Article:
Poppy in barley© FLPA/REX/Shutterstock

The first new herbicide active for more than 20 years to control broad-leaved weeds in cereals will be available to growers from mid-April for spring clean-up.

The product, named Pixxaro, can be used for spring applications on virtually all cereals and will also help cope with troublesome resistant weeds.

It contains the new active from Dow AgroSciences halauxifen-methyl, referred to under the brand arylex active with fluroxypyr from the group’s Starane.

These two contact-acting herbicides give good control of weeds such as poppies, fumitory, fat hen, cleavers and chickweed across a range of conditions.

The product can be used on all varieties of spring and winter wheat, barley, as well as triticale and durum wheat from GS13 up to GS45, or the flag leaf sheath swollen stage, meaning applications can be made into early June.

Alex Nichols, Dow’s cereal herbicide marketing manager, says its big use will be for a spring clean-up of weeds if residual pre-emergence products have not worked well.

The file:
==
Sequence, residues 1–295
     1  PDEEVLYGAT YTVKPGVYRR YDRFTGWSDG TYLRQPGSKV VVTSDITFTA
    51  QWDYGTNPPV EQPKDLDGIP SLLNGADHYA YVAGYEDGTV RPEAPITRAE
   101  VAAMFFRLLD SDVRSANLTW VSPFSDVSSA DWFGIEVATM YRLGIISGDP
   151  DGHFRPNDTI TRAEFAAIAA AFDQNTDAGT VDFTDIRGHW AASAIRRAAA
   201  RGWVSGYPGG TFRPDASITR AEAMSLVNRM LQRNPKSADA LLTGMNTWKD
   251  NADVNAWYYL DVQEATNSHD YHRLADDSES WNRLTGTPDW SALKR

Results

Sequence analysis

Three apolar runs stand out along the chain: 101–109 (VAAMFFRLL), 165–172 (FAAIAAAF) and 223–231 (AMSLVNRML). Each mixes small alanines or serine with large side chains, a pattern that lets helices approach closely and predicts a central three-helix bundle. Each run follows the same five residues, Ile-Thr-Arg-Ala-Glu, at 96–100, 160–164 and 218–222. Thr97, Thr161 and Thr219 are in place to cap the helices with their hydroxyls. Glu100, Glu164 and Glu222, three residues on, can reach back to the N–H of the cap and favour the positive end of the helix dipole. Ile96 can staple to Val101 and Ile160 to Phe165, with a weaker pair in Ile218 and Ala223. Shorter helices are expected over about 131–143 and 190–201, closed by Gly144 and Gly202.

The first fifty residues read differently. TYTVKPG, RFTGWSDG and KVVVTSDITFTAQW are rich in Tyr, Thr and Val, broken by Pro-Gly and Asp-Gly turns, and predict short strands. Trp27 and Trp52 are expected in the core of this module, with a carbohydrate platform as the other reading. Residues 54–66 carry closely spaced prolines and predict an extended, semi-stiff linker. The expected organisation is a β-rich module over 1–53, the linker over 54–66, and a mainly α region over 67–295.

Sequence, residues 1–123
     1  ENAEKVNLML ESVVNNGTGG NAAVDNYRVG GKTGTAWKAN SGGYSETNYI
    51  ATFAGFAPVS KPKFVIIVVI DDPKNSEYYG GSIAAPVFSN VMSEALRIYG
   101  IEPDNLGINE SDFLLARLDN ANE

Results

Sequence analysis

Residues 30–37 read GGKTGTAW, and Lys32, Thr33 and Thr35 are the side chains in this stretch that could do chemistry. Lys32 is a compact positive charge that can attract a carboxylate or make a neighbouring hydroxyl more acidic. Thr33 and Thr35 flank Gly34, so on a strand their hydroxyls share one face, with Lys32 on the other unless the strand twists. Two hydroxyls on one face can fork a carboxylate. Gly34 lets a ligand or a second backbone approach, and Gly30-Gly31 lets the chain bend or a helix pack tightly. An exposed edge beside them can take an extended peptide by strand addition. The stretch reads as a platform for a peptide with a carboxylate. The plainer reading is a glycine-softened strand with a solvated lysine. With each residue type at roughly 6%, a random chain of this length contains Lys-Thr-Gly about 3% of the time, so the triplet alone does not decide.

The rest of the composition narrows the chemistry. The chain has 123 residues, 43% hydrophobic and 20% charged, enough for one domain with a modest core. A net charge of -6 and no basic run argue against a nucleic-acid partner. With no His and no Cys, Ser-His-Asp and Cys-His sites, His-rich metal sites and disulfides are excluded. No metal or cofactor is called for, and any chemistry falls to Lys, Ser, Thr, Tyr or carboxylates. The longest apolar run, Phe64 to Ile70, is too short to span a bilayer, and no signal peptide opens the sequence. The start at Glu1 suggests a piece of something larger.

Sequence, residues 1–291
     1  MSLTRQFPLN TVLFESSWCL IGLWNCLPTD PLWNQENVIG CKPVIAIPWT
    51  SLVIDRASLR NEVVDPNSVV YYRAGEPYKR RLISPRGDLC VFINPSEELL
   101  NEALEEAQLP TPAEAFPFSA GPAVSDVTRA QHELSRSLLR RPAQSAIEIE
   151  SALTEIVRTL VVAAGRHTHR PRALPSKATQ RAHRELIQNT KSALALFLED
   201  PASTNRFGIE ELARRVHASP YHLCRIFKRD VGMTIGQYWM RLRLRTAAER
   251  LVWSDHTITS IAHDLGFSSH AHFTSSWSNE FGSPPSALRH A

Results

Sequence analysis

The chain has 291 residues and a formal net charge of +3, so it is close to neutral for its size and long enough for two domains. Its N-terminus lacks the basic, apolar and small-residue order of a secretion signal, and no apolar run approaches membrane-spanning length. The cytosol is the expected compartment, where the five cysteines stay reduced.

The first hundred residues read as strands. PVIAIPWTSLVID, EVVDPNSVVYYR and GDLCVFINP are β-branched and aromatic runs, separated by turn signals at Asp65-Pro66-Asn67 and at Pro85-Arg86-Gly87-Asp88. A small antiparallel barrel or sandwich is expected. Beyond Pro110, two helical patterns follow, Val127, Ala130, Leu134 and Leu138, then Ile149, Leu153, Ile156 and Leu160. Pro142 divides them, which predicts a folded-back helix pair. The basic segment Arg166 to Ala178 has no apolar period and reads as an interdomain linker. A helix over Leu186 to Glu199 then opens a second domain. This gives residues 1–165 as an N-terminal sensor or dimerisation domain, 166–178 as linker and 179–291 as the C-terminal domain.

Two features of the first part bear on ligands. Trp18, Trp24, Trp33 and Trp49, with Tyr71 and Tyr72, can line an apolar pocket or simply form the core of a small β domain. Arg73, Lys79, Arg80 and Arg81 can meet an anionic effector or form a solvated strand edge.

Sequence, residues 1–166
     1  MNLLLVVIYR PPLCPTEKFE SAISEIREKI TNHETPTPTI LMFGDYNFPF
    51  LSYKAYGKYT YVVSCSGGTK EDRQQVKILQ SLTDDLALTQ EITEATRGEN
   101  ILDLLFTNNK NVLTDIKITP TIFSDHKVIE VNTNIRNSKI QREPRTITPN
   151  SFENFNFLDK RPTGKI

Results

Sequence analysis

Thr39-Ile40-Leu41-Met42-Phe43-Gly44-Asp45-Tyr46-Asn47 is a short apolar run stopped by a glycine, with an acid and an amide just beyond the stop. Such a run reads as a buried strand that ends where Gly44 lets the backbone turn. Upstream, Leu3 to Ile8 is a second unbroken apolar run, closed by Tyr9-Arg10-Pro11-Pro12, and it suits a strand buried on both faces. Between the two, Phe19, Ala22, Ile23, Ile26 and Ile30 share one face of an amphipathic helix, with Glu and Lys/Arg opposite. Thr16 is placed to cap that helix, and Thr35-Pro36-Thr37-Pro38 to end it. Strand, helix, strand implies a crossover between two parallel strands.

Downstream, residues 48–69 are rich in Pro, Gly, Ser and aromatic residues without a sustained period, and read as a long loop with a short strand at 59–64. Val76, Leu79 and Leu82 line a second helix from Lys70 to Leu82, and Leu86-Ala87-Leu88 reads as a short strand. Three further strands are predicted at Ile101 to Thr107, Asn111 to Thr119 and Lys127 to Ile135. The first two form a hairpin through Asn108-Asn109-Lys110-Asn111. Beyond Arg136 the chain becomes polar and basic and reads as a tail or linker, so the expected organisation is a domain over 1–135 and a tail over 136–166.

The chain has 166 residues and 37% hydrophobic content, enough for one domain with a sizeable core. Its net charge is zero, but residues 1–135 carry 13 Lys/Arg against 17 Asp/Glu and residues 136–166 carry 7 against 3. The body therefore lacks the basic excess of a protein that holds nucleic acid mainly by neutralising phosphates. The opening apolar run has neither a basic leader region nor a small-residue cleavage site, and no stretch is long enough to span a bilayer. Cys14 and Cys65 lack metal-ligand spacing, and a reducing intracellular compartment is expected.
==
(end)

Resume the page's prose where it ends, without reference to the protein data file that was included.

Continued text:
“The big step forward is the product’s robustness over a range of conditions such as when it is cold or dry,” he tells Farmers Weekly.

See also: Help is at hand to cope with resistant broad-leaved weeds

Dr Nichols says the active is a synthetic auxin like others in the group’s portfolio, such as Dow Shield and Starane, but has a different mode of action so will be useful against resistant weeds.

It also has good compatibility with a number for fungicides, plant growth regulators and grassweed killers, which will be useful in an often busy spring spraying season.

The product was cleared by UK regulators earlier than expected, and now should be available from distributors from about mid-April.

The product can be used in winter cereals after 1 February and spring cereals after 1 March on most cereals apart from spring oats while there are no restrictions for following crops.

In group trials, the herbicide product has outperformed sulfonyl-urea products against dead-nettle, fumitory, fat hen, cleavers, and volunteer beans.

The new active is expected to form the basis of a range of products with an autumn-applied herbicide expected to be launched later this year.